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3 energizers driving cannabis stocks in 2021

New industries take time to mature. That's why 2021 could be a good year for cannabis stocks.

Cannabis industry stocks are ending the year on a high as key players show financial strength and the election of Joe Biden in the U.S raises  hopes for American federal legalization.

The news Wednesday that Aphria Inc. and Tilray Inc. will merge creating the largest cannabis producer by sales is another sign that the industry has its eyes on the fast-growing U.S. market.

Since election day on Nov. 3 an index of 43 of the largest publicly traded cannabis stocks is up 28.9% as investors bet the legislation isn’t far away. The biggest players by market capitalization – Green Thumb Industries Inc.,  Truelieve Cannabis Corp. and Cronos Inc., are all trading near their 52-week highs.

Energizer #1: Growing Profits

Green Thumb (CSE:GTII), which operates in 12 states, reported a 31% increase in revenue to $157.1 million in its latest quarter and turned a profit of $9.6 million, its first. Its shares are up 117% year to date.

Trulieve (CN-TRUL), the dominant Florida-based medical cannabis player, saw a record third quarter with revenue of US $136.3 million, up 93% year-over-year and net income of US $17.4 million. It was its 11th consecutive quarter of profitability. Trulieve’s shares are up 152% year to date.

Cronos Group Inc. (TSX: CRON) posted a better-than-expected third quarter with revenue growth of 24% from the previous quarter. Earnings were 96% higher though off a very small base.  It’s shares are up 4% year-to-date.

The rebound comes after a dismal two-year stretch following Canadian legalization in September 2018. The hype leading up legalization gave way to hangover, as the reality of too many companies chasing too little revenue set in. It triggered a stock price collapse with shares falling between 66 per cent 90 per cent thereafter.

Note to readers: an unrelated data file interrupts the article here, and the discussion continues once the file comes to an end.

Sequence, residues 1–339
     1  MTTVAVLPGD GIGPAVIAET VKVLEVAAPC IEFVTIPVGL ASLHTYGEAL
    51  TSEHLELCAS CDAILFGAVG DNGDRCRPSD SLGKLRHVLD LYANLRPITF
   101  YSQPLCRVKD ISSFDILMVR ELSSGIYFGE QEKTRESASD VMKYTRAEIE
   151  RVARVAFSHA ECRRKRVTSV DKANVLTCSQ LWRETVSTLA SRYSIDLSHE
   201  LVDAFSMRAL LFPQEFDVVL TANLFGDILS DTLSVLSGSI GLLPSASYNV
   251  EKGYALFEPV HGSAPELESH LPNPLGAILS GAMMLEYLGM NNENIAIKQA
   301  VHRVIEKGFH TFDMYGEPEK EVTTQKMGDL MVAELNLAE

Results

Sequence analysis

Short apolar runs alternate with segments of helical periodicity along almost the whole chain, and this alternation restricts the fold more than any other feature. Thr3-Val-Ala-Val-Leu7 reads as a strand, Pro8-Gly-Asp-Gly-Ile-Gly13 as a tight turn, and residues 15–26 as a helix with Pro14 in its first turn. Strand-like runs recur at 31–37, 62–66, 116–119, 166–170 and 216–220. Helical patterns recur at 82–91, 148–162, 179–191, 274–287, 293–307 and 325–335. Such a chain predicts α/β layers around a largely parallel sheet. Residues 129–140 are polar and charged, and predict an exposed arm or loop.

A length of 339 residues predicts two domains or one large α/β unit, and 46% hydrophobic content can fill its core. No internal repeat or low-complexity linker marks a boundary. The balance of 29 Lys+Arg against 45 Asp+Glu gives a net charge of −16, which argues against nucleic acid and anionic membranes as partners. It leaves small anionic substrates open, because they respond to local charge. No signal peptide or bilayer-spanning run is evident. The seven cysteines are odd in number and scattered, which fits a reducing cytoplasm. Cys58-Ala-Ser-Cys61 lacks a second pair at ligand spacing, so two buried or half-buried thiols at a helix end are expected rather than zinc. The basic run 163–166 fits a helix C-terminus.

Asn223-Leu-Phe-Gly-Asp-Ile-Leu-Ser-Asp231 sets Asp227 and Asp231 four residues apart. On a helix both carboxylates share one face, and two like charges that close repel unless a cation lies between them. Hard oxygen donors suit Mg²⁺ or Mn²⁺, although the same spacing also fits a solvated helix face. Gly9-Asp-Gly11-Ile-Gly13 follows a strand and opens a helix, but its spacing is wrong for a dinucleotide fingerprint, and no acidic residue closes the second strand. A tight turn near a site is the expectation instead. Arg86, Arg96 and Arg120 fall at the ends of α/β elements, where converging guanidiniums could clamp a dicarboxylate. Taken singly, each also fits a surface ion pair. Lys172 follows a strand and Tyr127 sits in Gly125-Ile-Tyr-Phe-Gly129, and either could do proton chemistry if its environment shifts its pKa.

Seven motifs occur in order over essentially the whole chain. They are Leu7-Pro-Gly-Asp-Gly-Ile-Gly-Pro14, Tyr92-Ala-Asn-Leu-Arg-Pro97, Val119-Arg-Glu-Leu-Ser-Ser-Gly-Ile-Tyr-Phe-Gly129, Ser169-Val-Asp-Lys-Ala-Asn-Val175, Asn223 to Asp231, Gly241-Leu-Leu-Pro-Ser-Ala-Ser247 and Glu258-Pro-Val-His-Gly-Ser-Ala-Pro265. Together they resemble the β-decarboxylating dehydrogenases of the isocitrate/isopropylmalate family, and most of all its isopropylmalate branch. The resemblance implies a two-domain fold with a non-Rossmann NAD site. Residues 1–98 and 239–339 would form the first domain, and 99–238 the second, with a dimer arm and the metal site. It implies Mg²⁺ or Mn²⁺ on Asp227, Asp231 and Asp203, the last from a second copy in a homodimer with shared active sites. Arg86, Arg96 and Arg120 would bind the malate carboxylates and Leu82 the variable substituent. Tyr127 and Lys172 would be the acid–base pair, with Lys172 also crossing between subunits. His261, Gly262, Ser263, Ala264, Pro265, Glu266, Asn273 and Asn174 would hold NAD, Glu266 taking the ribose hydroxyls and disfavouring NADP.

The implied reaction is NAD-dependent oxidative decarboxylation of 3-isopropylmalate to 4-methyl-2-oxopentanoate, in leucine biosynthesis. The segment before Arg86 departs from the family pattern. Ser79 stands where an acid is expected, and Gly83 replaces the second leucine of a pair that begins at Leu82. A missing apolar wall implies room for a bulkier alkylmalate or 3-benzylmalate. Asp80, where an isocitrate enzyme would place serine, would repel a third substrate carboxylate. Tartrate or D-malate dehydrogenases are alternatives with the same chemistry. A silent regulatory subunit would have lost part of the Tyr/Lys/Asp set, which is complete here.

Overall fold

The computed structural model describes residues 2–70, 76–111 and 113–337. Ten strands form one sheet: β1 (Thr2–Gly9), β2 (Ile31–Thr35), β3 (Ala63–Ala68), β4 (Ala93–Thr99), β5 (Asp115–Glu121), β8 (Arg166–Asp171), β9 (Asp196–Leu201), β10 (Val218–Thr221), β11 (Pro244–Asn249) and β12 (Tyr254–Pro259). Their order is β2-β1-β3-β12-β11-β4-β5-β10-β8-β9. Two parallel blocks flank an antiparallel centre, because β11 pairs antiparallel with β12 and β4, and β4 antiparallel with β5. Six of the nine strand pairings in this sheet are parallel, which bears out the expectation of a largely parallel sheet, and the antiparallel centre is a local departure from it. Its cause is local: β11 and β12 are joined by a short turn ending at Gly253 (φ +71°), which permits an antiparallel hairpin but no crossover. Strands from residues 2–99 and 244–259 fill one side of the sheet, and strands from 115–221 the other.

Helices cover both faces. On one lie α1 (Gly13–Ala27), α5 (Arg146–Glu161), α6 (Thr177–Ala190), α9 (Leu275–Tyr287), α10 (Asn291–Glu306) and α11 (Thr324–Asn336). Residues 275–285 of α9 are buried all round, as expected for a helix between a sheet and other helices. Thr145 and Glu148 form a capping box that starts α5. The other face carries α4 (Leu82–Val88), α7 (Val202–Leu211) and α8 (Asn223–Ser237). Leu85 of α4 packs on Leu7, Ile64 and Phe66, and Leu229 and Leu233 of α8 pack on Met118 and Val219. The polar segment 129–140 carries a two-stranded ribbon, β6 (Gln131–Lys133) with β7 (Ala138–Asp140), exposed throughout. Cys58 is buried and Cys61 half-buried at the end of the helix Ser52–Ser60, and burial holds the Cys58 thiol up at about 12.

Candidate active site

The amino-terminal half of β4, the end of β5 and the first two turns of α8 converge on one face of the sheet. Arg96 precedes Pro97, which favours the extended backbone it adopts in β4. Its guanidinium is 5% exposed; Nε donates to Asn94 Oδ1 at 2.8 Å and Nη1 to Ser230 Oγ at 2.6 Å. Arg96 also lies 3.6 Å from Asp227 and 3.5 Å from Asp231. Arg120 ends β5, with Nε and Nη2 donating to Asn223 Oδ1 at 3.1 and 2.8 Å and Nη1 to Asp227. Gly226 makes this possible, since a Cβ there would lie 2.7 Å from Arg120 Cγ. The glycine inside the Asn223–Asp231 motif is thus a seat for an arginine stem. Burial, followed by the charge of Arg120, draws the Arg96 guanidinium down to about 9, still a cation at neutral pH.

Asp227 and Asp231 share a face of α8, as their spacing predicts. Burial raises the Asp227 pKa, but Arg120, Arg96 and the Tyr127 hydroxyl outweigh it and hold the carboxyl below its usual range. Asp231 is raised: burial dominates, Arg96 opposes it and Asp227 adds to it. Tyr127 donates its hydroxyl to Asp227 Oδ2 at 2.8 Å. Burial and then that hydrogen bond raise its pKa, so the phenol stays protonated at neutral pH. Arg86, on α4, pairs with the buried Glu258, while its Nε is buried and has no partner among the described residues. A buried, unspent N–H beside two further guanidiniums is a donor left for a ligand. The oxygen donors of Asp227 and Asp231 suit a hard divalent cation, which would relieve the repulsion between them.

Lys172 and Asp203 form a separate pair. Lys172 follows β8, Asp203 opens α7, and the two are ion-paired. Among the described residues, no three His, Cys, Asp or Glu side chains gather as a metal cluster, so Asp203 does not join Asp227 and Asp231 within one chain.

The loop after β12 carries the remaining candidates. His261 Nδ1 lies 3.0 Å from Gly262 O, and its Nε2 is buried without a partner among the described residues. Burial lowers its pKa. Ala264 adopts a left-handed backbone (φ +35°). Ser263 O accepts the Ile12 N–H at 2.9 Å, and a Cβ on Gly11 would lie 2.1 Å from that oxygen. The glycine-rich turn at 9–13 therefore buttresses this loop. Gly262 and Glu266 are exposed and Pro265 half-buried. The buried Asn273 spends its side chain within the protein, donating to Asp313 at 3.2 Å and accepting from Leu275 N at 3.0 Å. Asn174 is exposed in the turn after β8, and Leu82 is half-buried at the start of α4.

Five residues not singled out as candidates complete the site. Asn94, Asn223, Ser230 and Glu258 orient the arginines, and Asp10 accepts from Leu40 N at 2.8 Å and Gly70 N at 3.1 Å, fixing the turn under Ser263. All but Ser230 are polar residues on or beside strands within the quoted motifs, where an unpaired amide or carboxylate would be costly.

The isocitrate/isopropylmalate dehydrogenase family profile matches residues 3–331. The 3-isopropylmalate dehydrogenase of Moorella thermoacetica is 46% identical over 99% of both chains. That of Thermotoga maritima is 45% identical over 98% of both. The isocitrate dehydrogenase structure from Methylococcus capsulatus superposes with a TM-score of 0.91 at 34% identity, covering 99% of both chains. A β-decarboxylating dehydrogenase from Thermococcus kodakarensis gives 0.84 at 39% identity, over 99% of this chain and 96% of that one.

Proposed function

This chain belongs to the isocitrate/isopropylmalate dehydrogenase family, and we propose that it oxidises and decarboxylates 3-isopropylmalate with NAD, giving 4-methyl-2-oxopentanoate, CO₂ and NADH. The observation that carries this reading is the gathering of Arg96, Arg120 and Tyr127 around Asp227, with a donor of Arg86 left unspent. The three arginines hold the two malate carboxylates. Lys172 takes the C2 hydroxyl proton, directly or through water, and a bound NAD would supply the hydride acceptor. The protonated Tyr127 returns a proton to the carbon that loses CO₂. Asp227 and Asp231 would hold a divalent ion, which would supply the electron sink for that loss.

Energizer #2:  A Joe Biden presidency

The Biden campaign promised to legalize cannabis at the federal level and the Marijuana Opportunity Reinvestment and Expungement (MORE) Act legislation was moved up the list for a congressional vote. The vote took place Dec. 4 and was approved by a 60 per cent majority.

The legislation would expunge prior marijuana convictions; apply a federal tax on marijuana sales; help fund small marijuana businesses; and allocate revenue to communities most affected by previous drug enforcement laws. It would also reduce taxes for producers.

The final hurdle is approval in the Senate before it becomes law. It may not come soon, but momentum is on the industry’s side.

Energizer #3:  Public opinion

Public approval for legalization crosses party lines. Five more states voted to legalize in referenda as part of their Nov. 3 ballots. A sixth state, Mississippi voted to allow medical marijuana, bringing to 36 states, the number which allow distribution of medical cannabis.

Two of the states – Montana, South Dakota – were carried by Donald Trump indicating popular support crosses party lines. The referenda wins mean that about 70 per cent of Americans live in states that permit recreational or medical marijuana. 

The Canadian industry has its eye on the U.S. which is the single biggest global market for cannabis-related products. For example, Cronos, which is 45% owned by U.S. tobacco giant Altria Inc., is sitting on $1.2 billion earmarked for U.S. investment.

For now, U.S. companies can only operate within the states for which they have licenses. So they must have 15 separate sets of operations. A federal law changes that.

It would also enable companies to have a primary listing on the New York Stock Exchange or Nasdaq giving them access to capital by large institutions.

They cannot list in New York now because it is illegal without a federal law.

Companies like Cronos, Canopy Growth (TSX: WEED) and Aphria Inc.(TSX: APHA) have primary listings in Canada and operate in Canada and elsewhere, but not in the U.S.

Companies like Trulieve have U.S. operations, but cannot list in New York or the TSX, because the TSX decided to follow New York’s lead. They trade here on the Canadian Securities and NEO exchanges.

New industries, like new technologies, take time to mature and progress in waves. Optimism in the beginning leads to a boom, often with speculative excess, followed by a bust. The industry regroups, consolidates and the next leg up begins. That could be the cannabis story in 2021.

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